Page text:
Maus and the Streisand Effect
Millions of people around the world were outraged when a Tennessee school district thoughtlessly banned the Pulitzer-Prize winning graphic Holocaust novel Maus on World Holocaust Remembrance Day.
We should take heart, however, that this action immediately reaffirmed the karmic law of the internet known as the Streisand Effect.
This phenomenon was named after the great singer-actress Barbra Streisand, who dispatched high-powered lawyers to issue legal threats and cease-and-desist letters against an obscure website that posted pictures documenting erosion along the California coastline. Among the 12,000 images posted by the California Coastal Records Project were aerial images of Streisand’s home. Claiming that merely including those images in a database somehow invaded her privacy, Streisand sought $50 million in damages. At the time, only six people had downloaded the images.
Streisand lost in court and was required to pay the defendant’s legal fees. In only one month, because of the publicity her lawsuit inspired, more than 420,000 people visited the website.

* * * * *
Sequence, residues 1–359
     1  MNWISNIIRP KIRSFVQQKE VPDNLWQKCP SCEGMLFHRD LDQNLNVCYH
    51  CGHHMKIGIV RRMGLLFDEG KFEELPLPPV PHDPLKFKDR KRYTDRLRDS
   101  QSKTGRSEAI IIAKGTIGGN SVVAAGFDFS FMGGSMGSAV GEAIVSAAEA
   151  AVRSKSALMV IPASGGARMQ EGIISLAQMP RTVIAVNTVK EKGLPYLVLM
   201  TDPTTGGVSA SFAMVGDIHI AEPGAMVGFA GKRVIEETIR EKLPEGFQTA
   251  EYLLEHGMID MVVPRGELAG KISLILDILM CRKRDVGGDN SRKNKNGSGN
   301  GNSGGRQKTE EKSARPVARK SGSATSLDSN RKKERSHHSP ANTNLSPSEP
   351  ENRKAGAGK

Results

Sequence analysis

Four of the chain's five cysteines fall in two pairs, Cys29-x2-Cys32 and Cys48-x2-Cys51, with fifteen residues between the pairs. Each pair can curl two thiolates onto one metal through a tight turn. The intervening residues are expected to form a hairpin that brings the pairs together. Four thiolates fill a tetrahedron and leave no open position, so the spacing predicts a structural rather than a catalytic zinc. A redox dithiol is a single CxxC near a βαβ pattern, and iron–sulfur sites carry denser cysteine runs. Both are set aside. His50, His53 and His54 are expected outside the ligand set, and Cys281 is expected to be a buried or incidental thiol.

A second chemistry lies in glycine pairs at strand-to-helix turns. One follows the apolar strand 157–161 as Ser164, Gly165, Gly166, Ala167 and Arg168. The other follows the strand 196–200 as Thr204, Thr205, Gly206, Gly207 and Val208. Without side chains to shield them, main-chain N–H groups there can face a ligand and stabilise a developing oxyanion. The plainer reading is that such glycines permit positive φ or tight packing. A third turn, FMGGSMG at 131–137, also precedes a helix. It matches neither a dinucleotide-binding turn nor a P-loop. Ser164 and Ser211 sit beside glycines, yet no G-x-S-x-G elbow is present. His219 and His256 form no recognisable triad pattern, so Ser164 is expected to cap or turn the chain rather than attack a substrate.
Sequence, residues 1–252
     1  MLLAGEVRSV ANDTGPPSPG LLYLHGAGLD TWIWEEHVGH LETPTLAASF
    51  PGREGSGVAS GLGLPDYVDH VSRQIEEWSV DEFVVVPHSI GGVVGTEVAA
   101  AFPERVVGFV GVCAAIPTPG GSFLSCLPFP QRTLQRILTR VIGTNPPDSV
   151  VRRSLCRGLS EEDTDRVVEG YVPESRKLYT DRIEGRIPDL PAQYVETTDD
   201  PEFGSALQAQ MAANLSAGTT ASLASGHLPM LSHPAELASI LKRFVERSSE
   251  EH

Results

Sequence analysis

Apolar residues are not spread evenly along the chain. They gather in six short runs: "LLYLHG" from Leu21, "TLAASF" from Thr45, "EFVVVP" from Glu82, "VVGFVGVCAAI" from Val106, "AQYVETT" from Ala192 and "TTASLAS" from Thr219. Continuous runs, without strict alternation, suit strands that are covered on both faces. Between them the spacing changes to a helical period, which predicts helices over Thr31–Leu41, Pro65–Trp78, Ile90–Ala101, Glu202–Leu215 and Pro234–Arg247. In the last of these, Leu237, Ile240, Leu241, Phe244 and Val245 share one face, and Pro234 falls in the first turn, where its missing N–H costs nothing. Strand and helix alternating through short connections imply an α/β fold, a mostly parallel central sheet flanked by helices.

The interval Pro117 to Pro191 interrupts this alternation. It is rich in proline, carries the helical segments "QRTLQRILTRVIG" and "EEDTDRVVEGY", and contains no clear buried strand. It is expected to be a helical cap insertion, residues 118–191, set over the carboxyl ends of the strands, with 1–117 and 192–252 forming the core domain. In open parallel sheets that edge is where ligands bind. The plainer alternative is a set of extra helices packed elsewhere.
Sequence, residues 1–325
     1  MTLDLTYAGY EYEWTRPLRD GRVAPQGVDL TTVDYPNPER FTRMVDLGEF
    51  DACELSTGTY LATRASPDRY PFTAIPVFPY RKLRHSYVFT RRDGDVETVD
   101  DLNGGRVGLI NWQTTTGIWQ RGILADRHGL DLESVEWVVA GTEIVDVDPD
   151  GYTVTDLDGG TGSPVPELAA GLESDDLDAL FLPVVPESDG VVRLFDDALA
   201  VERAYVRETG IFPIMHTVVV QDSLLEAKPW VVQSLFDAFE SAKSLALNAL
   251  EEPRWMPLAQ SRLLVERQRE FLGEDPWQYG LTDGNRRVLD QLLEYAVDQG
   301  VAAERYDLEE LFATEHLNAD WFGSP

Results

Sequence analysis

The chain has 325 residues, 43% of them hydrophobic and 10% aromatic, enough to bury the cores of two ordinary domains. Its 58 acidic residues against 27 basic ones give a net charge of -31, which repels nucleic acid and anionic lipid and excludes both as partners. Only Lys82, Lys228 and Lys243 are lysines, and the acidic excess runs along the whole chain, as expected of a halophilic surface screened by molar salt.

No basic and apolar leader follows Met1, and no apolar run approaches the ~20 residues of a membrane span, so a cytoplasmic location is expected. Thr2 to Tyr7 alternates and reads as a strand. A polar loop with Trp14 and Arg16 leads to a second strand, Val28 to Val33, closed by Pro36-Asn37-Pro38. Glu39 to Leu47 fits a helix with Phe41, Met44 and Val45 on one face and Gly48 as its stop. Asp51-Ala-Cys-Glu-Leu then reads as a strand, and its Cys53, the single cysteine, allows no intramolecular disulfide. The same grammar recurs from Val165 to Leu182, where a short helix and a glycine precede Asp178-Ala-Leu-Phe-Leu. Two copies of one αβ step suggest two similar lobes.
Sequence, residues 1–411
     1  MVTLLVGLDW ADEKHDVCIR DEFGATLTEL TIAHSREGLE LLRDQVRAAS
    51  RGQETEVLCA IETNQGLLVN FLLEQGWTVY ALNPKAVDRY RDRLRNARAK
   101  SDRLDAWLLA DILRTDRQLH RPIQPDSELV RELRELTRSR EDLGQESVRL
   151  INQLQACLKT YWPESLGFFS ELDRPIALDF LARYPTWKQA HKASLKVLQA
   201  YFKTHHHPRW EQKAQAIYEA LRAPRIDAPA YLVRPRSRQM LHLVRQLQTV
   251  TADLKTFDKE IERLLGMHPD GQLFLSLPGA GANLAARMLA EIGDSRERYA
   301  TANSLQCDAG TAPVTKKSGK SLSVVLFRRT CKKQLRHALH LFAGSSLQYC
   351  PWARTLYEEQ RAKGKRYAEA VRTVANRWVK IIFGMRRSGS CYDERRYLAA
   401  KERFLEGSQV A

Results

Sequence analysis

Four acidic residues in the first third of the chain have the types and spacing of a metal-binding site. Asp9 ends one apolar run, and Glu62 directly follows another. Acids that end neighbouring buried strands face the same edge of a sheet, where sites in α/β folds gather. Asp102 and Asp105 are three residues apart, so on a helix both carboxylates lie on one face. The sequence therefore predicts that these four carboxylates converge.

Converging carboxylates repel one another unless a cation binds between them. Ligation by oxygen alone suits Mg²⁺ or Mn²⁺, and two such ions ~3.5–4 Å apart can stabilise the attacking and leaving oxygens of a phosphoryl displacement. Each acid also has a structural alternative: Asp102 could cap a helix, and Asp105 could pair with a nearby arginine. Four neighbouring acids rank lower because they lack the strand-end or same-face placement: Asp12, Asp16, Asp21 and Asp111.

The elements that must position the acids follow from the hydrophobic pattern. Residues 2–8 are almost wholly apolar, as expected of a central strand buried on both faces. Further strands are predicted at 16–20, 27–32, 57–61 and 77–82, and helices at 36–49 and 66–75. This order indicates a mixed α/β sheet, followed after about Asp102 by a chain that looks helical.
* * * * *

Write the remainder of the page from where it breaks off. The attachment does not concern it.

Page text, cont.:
What is now happening with Maus is only the latest demonstration of the Streisand Effect: In a democracy, attempts at repression generate publicity. And nothing makes intellectual property shinier than trying to forbid it. Commands like don’t read this book!, of course, make you want to read the book. (By the way, don’t read our blog!)
Shortly after the school board in McMinn County, Tennessee, voted unanimously to ban Maus (first published in the Eighties) from its eighth-grade curriculum, The Complete Maus anthology hit No. 1 on Amazon’s bestseller list.
The Streisand Effect, however, only works against ham-handed attempts to stifle speech. The danger we face today is the censorship we cannot see. Such hidden censorship, whether by universities, governments, large social media platforms, or private parties – quietly tucks away speech deemed too upsetting to established truth. When that happens, we’re all harmed.
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